This is a radical departure from the vision of heaven that I spent most of my life imagining. Actually, I take that back: for much of my life, I never really have much thought to what heaven actually entailed. Yes, from the Bible I knew that it meant interacting with God face-to-face, free from the influence and corruption of sin, that it meant being reunited with those saints, friends, and family who had gone before in the faith, in relationships unmarred by sin and death. Those sound awfully nice on paper, and I believe them to be true. But what do they actually mean? How would they actually play out? How would I interact with God, aside from falling down on my face? What would I do during those reunions, aside from embracing one another?
Crouch’s “vision” of heaven helps fill in some of those gaps. Or at the very least, it raises some very intriguing possibilities.
Crouch wraps up this section of Culture Making by doing two things. He begins with a summary of the preceding chapters, and does so primarily by pointing out that the Gospel of Christ — the “good news” of Christianity — is “absolutely, completely saturated with culture.” But here, we must make a careful distinction and realize that the Gospel itself is not another cultural artifact. Rather, it sits on the edge of human culture, constantly tantalizing us with possibilities even as it reveals the shortcomings of our human institutions.
If every culture defines the horizons of the possible and impossible for its members, then the gospel always sits uncomfortably on that very horizon, hovering between possibility and impossibility. There has never been a culture where the gospel, in all its world-upending glory, simply and comfortably exists within the realm of the possible.
This is a sobering reminder that no human civilization, not even the biblical nation of Israel, has ever perfectly enacted the Gospel and its “world-upending glory”, its broader implications for culture. Our sinfulness simply makes that an impossibility, and those of us who want to dismiss that need only look to history to see ample evidence to the contrary. (Crouch offers the Rwandan genocide as a chilling example.) And yet, because the Gospel is not ultimately beholden to this culture or that culture, always beckons us “further up and further in”, reminding us that “God’s grace and mercy, his endless capacity to respond to human waywardness, ensure that every culture can be reclaimed.”
As I suggested earlier, it could be that one of sin’s effects is that it tricks us into thinking that our cultural accomplishments are ultimately trivial and of no real significance. I think the same could be said in relationship to our culture in general. Oftentimes, it feels like the prevailing attitude around Christendom is that the culture is too far gone, that we might as well cut our losses, circle the wagons, and patiently and expectantly bide our time until Jesus comes to take us home. I think this attitude is waning somewhat, thankfully, but it was certainly implied in many of the circles through which I traveled as I grew up. (Though perhaps you had a different experience.)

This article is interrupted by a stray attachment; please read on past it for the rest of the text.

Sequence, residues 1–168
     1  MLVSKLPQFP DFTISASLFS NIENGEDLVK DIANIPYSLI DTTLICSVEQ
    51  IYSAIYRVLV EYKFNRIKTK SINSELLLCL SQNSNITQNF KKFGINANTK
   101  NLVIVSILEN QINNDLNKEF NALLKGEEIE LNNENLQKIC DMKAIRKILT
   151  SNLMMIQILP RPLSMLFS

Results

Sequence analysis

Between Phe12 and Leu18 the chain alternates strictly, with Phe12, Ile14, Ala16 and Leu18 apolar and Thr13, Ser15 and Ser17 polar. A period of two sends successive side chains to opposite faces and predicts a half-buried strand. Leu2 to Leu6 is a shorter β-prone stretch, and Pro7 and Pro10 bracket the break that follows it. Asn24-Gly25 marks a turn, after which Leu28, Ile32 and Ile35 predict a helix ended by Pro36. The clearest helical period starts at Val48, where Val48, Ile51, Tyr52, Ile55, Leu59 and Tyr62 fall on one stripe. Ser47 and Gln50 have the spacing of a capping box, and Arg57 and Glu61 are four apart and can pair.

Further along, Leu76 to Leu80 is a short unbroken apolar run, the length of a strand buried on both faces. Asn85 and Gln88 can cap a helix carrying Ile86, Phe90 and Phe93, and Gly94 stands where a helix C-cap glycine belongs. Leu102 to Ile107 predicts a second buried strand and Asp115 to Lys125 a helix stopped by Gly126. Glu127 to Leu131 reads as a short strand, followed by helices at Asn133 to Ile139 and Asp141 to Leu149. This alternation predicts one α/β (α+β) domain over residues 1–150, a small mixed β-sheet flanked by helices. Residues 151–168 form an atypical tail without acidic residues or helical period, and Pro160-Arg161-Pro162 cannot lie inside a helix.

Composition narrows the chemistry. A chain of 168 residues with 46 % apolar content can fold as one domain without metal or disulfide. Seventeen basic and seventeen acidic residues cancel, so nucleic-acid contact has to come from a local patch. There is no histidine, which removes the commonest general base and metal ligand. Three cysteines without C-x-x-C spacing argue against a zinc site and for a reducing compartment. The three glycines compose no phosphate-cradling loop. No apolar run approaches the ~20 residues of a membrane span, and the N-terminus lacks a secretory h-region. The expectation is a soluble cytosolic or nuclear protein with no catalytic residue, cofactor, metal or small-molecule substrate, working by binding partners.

The idea that “every culture can be reclaimed” by God’s grace and mercy can be a powerful antidote to such thinking, which I’ve found often devolves into cynicism, bitterness, and even paranoia about the world’s corrupting influence. Of course, we ought to be “wise as serpents” and be honest about sin’s damaging effects, both culturally and personally. But is Crouch is even half right, then God is nowhere near as cynical and paranoid as we are. Indeed, He is perfectly happy to save and redeem fallen humans, and by extension, their cultures and their accomplishments. All of which is to say, I may be surprised if I do see those white earbuds whilst walking down the streets of gold, but I’ll get over it quickly.
(I mentioned that Crouch wraps up this section by doing two things. The second is a brief analysis of H. Richard Niebuhr’s Christ and Culture. Having not read Christ and Culture, I must apologize for not providing an analysis of Crouch’s analysis. But I will say that I found it oddly placed and disruptive to the book’s flow. I couldn’t help but wonder why it wasn’t included as an appendix. But perhaps those more familiar with Christ and Culture will find it more beneficial than I.)
 If you’ll indulge me while I pursue Crouch’s line of thinking, here are a few cultural accomplishments that I think certainly exhibit “the glory and honor of the nations”: Marvin Gaye’s What’s Going On, Slowdive’s catalog, and Henryk Górecki’s Symphony No. 3; Akira Kurosawa’s Ikiru, Studio Ghibli’s entire filmography, and a Jackie Chan movie or two; The Lord of the Rings, Leif Enger’s Peace Like A River, and Calvin and Hobbes; yakitori (especially if served with beer), devil’s food cake, and my dad’s cinnamon rolls; and the World Wide Web (sans YouTube comments).